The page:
I am a worship leader. It’s a noble profession. Every week, I have the opportunity and distinct privilege of leading a crowd of people to lift their voices to God. People gather from every walk of life, bringing their strengths and weaknesses, their abilities and shortcomings… all for the desire to praise God for his faithfulness and love for them. Like the chief musicians who led the processional with singing in ancient days, I often get the frightening and humbling task of using music and song to tread mere inches ahead of the pack, with the hope of ushering them into an experience in worship. They are looking to me for some measure of direction, some degree of guidance—some destination where hearts are settled, fears are calmed, and where true joy is found.
This is serious business. It requires a leader to be gracious yet assertive, confident yet humble, a leader yet also a follower. If we are honest, there are times when our pride gets the best of us. There are moments when we think awful highly of our own accomplishments. When the lights are on, and the choirs and instrumentalists are clicking on all cylinders, we want to sound our best, to look our best; and if all goes well – people will notice. They don’t want a worship leader to be a consummate performing artist, polished and well-versed in entertaining the masses. But rather, they are there to be led. To be fed. And we as worship leaders are there to come along side of them, walk at their speed, sing with their song, and turn their hearts toward home. So why is it that in my occasional travels and guest leading opportunities, I hear so many people complain about their music pastors in their churches? Why is it that so many people have grown cold to the church services, because it’s turned into one big “show”? I humbly submit that we may be the ones to blame.
A church music program can often rise or fall on the convictions and practices of the leaders. If the leaders in music are there to stroke their egos, then the program will reflect that. If a worship leader sees the church as a venue to showcase his or her talent, then that’s what you will probably get—a showcase. The purpose of this article is to help us as worship leaders realize that God has given us a platform for ministry, not a stage for performing.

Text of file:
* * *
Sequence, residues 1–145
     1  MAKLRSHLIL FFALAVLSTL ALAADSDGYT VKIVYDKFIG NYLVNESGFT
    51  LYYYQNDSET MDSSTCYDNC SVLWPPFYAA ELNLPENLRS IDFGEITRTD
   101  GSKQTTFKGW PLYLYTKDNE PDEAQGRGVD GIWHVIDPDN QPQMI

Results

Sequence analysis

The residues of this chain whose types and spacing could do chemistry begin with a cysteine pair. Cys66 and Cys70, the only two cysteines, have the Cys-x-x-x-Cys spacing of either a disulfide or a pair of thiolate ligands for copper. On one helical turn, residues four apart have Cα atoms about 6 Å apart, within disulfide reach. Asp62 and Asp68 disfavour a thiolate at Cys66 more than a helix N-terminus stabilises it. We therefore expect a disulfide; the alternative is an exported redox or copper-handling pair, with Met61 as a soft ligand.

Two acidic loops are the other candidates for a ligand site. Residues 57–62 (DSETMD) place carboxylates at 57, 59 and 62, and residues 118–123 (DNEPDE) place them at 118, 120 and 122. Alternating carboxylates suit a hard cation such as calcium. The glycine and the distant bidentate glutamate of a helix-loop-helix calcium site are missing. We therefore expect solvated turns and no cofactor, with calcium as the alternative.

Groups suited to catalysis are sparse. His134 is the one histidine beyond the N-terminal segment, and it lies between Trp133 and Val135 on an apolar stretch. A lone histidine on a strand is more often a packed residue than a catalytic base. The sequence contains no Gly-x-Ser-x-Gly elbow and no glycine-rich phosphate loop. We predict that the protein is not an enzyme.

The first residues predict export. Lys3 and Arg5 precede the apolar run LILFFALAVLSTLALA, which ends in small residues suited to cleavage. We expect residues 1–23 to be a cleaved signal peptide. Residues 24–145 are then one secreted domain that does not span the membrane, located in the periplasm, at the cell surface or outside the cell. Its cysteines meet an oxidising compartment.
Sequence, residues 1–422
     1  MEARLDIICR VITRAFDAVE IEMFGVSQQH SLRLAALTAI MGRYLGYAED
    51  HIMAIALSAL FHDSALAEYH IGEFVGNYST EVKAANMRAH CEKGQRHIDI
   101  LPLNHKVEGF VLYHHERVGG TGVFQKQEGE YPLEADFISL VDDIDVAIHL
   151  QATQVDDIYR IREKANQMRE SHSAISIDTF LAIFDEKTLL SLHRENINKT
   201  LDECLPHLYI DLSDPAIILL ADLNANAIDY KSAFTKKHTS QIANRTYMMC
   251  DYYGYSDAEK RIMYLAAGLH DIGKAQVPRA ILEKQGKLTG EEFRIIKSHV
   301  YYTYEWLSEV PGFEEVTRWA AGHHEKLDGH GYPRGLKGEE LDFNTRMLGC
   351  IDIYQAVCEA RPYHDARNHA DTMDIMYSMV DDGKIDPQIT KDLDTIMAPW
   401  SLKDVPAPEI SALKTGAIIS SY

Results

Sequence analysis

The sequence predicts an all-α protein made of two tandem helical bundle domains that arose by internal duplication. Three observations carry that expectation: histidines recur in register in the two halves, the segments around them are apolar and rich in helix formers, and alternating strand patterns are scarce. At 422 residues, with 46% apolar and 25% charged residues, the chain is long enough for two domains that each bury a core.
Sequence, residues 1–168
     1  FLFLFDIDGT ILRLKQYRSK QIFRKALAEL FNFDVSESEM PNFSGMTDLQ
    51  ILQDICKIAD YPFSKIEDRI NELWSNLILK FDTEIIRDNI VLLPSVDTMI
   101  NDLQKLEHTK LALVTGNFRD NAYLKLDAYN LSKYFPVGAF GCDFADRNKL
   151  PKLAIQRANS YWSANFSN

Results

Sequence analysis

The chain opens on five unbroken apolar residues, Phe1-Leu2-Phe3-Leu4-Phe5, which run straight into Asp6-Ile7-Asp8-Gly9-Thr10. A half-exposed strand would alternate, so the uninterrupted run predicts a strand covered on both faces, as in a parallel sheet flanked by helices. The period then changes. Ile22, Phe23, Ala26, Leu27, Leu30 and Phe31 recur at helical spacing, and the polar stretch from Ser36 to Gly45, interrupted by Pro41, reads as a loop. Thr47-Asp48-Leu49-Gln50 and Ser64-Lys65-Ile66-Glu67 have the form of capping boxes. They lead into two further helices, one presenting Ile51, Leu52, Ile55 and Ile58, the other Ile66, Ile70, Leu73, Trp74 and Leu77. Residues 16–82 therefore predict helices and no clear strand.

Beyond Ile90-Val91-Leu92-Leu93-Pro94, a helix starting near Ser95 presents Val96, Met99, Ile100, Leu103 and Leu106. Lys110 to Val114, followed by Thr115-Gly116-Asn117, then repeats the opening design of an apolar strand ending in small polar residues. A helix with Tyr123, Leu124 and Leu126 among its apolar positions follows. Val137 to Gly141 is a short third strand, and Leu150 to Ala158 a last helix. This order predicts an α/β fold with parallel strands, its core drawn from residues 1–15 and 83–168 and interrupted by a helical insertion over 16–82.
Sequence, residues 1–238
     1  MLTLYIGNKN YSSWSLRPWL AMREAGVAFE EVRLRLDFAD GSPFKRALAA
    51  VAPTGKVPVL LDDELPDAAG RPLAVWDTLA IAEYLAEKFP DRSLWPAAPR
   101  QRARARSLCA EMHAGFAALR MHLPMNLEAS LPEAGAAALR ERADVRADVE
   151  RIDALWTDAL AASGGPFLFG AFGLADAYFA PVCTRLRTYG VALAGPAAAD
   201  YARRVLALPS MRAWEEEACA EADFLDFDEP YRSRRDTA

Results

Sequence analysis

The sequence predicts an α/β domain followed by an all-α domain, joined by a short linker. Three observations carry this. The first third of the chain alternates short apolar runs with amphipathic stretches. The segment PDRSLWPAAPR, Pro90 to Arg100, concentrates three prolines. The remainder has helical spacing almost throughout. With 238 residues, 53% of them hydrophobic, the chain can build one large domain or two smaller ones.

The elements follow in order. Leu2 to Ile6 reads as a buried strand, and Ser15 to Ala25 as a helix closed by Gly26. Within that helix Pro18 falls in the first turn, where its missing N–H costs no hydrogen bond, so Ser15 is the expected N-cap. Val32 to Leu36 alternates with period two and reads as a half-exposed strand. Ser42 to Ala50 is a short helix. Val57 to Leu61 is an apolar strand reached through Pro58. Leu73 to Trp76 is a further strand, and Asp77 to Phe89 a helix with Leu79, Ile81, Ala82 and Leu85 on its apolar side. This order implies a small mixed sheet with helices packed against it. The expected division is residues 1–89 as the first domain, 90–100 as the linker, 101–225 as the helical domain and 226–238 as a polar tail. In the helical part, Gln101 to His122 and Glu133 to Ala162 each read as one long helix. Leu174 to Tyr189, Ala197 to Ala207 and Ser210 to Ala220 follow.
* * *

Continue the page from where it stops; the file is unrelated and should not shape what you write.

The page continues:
Now, let me clarify. Having good and appropriate performance skills as a worship leader, and to have occasional performance elements in our services is not a bad thing. As a worship leader, I would be hard pressed to step completely out of the way and resort to leading the congregation hiding in the balcony, unseen and invisible lest anyone focus on me. In fact, I am a firm believer in quality; and a well-rehearsed, professional sounding and looking group speaks volumes to the leader’s devotion and dedication to excellence and worship. But, there is a fine line, isn’t there? A stage is meant for performing. Anyone with a bizarre, basket-full of talent can perform on a stage. One look at the “stupid human tricks” segment of the Dave Letterman show should convince you that there is a stage for just about everyone and everything. But a platform is so much more..
A platform means that you have been entrusted with something precious… that you have been given a gift. A platform requires us to be stewards of other people’s gifts, not just our own. If God entrusts us with a platform, it is with fear and trembling that we should hold it. If we are called to be a worship leader, then the spotlight needs to be shut off. Or at the very least, turned around. The real spotlight is on Christ, present and alive in his congregation. A platform is a place where we can serve. A stage exists only to serve itself.
As we lead God’s people in worship through the arts, let us not forget that the place of highest calling may very well have the lowest lighting. The spotlight needs to be turned around. Only then will the God of our song shine more brightly, radiate more clearly, and resound more profoundly in the hearts of those who seek him.
Tom Grassi is Minister of Worship & Music at Christ Presbyterian Church of Nashville, TN
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